In presentation at the Health Care Compliance Association (HCCA) entitled “OCR Enforcement Update,” HHS Office for Civil Rights (OCR) Senior Adviser Iliana Peters reported that the OCR continues to receive and resolve complaints of Health Insurance Portability and Accountability Act (P.L. 104-191) (HIPAA) violations of an increasing number. To date, the OCR has received 150,507 complaints, with 24,879 being resolved with corrective action measures or technical assistance. She estimated that the OCR will receive about 17,000 complaints in 2017.
A new study published in JAMA Internal Medicine found since 2009 that 1,798 “large data breaches” involving patient information since 2009 had been reported by health care providers to the OCR. Out of that number, 216 hospitals reported 257 data breaches, while 33 hospitals were found to have experienced multiple data breaches. Of 141 acute care hospitals reporting breaches, 52 were major academic medical centers. These numbers are misleading in that they represent only a small fraction of the total number of breaches, as indicated by Peters. The reason is that smaller breaches are not required to be reported, and many breaches may not have been voluntarily reported. The need for increased vigilance and internal controls are needed.
Latest OCR resolution
The OCR announced a resolution agreement based on the lack of a security management process to safeguard electronic protected health information (ePHI). Metro Community Provider Network (MCPN), a federally-qualified health center (FQHC), has agreed to settle potential noncompliance with the HIPAA Privacy and Security Rules by paying $400,000 and implementing a corrective action plan. MCPN filed a breach report with the OCR indicating that a hacker accessed employees’ email accounts and obtained 3,200 individuals’ ePHI through a phishing incident. As with many of the reported large breaches, the OCR found that prior to the breach incident, there was no risk analysis to assess the risks and vulnerabilities in its ePHI environment and a corresponding failure to implement any associated risk management plans to address the risks and vulnerabilities identified in a risk analysis.
Reminder tips on HIPAA compliance
As a reminder, entities should perform the following recommended steps in order to comply with HIPAA.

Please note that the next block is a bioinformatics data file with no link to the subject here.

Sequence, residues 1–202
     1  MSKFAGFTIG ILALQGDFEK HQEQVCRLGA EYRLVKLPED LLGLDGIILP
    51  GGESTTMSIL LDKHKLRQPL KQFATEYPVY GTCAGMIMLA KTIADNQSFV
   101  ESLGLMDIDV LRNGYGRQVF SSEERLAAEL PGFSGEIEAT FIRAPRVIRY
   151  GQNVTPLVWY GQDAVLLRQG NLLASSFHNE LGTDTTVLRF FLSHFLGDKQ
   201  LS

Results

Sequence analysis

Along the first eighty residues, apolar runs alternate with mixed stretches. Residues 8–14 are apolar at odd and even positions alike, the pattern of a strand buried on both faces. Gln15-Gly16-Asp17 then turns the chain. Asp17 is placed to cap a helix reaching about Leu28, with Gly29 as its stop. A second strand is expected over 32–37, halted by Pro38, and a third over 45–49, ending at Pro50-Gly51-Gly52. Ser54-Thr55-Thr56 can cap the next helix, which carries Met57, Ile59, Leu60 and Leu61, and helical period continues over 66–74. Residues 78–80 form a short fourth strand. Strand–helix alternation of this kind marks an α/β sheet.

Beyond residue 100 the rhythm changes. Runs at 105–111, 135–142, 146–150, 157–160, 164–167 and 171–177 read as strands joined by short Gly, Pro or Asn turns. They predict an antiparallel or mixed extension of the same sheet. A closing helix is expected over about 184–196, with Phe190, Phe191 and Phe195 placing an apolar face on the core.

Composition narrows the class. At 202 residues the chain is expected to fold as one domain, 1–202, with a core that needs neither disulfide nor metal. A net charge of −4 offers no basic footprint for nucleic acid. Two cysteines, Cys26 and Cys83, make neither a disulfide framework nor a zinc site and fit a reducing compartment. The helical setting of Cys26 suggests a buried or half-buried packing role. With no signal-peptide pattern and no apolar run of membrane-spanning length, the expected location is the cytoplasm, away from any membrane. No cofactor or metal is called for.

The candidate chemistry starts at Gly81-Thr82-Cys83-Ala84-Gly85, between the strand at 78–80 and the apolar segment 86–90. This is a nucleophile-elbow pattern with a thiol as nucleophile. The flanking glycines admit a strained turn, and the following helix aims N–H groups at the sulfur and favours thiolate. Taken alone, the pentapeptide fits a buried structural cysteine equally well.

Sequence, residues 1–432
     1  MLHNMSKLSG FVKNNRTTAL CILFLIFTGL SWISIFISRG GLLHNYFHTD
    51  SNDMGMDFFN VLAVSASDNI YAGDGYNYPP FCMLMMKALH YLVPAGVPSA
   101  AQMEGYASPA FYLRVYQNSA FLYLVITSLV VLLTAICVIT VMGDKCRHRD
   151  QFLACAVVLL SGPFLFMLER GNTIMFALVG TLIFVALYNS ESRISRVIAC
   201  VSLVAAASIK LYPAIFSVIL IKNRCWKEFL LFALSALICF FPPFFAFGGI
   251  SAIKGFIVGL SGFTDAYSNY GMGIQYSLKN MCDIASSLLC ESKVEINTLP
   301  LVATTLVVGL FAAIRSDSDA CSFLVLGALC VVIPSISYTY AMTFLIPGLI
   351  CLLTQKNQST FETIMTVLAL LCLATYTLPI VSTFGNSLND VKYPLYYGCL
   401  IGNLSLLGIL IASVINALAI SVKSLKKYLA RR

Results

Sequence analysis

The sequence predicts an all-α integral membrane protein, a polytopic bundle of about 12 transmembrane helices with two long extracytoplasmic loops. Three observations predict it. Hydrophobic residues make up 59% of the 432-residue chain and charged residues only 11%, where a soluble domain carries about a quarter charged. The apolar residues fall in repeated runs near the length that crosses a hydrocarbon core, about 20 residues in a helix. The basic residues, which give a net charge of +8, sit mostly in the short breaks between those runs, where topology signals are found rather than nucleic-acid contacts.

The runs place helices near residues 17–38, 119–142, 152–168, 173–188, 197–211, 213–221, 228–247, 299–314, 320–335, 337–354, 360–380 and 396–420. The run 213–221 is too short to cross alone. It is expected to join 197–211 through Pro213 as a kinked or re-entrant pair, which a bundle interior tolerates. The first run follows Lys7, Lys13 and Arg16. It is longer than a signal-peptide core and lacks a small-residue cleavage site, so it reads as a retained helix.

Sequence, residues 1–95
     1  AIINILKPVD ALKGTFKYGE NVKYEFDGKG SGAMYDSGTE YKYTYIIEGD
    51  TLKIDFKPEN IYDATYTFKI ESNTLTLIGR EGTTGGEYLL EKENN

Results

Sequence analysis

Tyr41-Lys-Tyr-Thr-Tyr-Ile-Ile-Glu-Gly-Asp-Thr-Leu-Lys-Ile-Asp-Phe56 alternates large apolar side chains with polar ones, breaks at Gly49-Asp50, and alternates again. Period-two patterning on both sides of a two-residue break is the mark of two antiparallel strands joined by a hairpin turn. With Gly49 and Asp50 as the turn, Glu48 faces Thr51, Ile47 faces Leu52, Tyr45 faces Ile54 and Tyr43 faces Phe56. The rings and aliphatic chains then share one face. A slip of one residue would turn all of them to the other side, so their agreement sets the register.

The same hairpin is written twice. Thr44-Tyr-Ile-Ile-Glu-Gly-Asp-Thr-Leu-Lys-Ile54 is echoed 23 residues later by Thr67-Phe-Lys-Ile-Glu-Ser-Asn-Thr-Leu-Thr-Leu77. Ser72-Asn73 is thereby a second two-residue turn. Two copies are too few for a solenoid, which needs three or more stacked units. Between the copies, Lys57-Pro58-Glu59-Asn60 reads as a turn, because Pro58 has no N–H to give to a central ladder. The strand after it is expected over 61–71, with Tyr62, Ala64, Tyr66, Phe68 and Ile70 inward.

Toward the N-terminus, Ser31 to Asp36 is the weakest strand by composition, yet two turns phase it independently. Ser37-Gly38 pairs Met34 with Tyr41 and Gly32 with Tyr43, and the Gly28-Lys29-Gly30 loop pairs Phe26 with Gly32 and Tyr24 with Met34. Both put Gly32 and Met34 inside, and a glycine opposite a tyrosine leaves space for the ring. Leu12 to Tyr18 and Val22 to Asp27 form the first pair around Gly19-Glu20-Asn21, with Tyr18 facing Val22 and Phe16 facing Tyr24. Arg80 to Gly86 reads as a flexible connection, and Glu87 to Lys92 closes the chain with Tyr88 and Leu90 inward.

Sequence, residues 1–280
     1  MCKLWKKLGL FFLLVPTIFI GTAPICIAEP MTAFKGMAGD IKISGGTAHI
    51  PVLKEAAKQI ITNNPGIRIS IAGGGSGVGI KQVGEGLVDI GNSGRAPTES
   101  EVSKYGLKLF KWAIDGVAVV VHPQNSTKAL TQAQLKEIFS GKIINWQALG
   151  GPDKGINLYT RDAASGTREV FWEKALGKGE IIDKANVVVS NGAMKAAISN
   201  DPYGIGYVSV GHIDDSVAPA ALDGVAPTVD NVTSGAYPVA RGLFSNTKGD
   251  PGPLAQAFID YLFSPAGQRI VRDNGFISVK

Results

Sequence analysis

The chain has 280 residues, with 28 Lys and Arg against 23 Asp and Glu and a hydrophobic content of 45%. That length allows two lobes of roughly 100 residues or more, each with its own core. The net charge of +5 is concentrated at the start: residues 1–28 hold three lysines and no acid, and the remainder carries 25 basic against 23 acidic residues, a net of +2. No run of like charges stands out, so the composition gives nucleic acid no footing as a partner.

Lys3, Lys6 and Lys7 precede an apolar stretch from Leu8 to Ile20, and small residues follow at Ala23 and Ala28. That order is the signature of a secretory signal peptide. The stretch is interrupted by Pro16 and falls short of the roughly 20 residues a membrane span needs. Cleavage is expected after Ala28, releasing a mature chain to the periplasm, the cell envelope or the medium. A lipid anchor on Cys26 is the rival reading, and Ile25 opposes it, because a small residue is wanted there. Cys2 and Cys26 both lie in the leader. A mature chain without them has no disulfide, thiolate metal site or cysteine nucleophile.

- Perform a complete a security risk analysis that addresses ePHI vulnerabilities.
- Engage an outside expert to independently verify that Privacy/Security Officers are meeting obligations.
- Properly address identified risks with corrective action measures.
- Follow the basics in reviewing compliance for information security risks and PHI breaches.
- Verify that the Code of Conduct covers reporting HIPAA violations.
- Ensure that policies and procedures govern receipt and removal of laptops containing ePHI.
- Train the workforce on HIPAA policies and procedures, including reporting violations
- Ensure that all business associates (BAs) have signed BA agreements (BAAs), with contact information on file.
- Verify that controls cover gaining access to ePHI by workforce members and users.
- Encrypt and password protect all laptops and mobile devices.
- Implement safeguards to restrict access to unauthorized users.
- Validate effectiveness of internal controls, policies, and procedures
- Review adequacy of security processes to address potential ePHI risks and vulnerabilities.
- Ensure that a hotline is set up to receive HIPAA-related calls.
Richard P. Kusserow served as DHHS Inspector General for 11 years. He currently is CEO of Strategic Management Services, LLC (SM), a firm that has assisted more than 3,000 organizations and entities with compliance related matters. The SM sister company, CRC, provides a wide range of compliance tools including sanction-screening.
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Copyright © 2017 Strategic Management Services, LLC. Published with permission.